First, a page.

Hereditary Pancreatitis is a rare inherited condition characterized by recurrent episodes of acute pancreatitis attacks. In about half of these cases the problem progresses to chronic pancreatitis, which is severe scarring of the pancreas. Laboratory tests performed during an attack usually detect high blood levels of amylase and lipase, which are enzymes released from the pancreas. The first attack typically occurs within the first two decades of life, but can begin at any age. In the United States, it is estimated that at least 1,000 individuals are affected with hereditary pancreatitis.
Hereditary Pancreatitis is a genetic disorder, which means that it is usually passed from one generation to the next.
The symptoms of Hereditary Pancreatitis are caused by a change to a specific gene. Genes are the packages of information that control how our bodies look and function. A single gene appears to be involved in 60-75% of hereditary pancreatitis families. This gene produces the "cationic trypsinogen" enzyme, which breaks down the proteins present in the foods we eat. (In some research papers cationic trypsinogen is called PRSS1).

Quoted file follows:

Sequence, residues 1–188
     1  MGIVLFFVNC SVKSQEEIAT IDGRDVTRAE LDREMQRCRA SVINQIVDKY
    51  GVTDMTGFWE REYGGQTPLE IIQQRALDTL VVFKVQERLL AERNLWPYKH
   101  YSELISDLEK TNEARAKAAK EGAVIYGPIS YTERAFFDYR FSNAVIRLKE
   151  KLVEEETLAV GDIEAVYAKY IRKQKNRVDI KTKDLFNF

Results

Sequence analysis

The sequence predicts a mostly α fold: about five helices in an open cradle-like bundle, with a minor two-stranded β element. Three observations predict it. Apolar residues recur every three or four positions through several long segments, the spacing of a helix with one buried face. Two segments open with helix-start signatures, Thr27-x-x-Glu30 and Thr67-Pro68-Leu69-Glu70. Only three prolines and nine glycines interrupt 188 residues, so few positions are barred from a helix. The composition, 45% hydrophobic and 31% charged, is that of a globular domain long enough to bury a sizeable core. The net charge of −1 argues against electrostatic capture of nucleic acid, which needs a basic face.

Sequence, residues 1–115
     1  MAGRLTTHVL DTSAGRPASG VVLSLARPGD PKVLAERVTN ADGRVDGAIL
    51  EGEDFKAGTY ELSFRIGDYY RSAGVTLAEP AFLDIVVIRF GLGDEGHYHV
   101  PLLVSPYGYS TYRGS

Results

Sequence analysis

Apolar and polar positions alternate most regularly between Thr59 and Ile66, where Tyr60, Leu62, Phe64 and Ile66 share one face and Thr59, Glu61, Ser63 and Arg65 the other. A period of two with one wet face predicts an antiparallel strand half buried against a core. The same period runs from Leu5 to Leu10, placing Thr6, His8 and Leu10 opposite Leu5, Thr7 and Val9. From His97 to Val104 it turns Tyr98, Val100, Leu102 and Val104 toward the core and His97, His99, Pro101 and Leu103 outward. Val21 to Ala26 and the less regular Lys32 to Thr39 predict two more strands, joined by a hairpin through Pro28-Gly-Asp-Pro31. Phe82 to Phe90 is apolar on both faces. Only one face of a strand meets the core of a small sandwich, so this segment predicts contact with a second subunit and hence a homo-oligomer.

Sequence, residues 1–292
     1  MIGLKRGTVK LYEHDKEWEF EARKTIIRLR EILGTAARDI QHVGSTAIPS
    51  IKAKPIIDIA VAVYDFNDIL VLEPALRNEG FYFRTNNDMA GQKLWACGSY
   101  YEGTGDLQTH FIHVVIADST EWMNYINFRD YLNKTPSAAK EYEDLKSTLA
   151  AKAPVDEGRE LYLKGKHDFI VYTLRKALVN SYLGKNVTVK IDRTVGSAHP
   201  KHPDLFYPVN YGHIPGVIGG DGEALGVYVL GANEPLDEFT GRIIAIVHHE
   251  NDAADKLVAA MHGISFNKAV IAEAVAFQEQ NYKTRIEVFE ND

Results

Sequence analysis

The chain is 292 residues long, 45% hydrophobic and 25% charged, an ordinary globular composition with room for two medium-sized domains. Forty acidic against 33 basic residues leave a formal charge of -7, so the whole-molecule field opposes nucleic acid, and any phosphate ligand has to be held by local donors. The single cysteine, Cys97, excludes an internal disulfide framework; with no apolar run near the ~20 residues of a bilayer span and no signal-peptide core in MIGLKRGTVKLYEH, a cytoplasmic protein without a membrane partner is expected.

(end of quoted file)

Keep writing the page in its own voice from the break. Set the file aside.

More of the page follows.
When a change to a gene occurs, the gene may no longer function properly. These gene changes are called mutations. Currently, there are two common, and more than 6 uncommon cationic trypsinogen gene mutations that are associated with hereditary pancreatitis. The major mutations are known as cationic trypsinogen "R122H", "N29I".
Families with Hereditary Pancreatitis might carry one of these mutations, but usually not more than one type of mutation. It is also possible that a family with a strong history of Hereditary Pancreatitis may not carry any of the currently known mutations. For this reason, it is believed that additional genes and mutations that cause Hereditary Pancreatitis are awaiting discovery.
Hereditary Pancreatitis has also been linked to an increased lifetime risk of pancreatic cancer. Pancreatic cancer is the 4th most leading cause of cancer deaths among Americans.
The treatment for hereditary pancreatitis depends on the symptoms. However, the primary treatment focuses on pain control and pancreatic enzyme replacement. Surgery may be indicated to improve symptoms. Removal of the entire pancreas can be performed to eliminate the source of the problem, however in most cases this results in permanent insulin-dependent diabetes.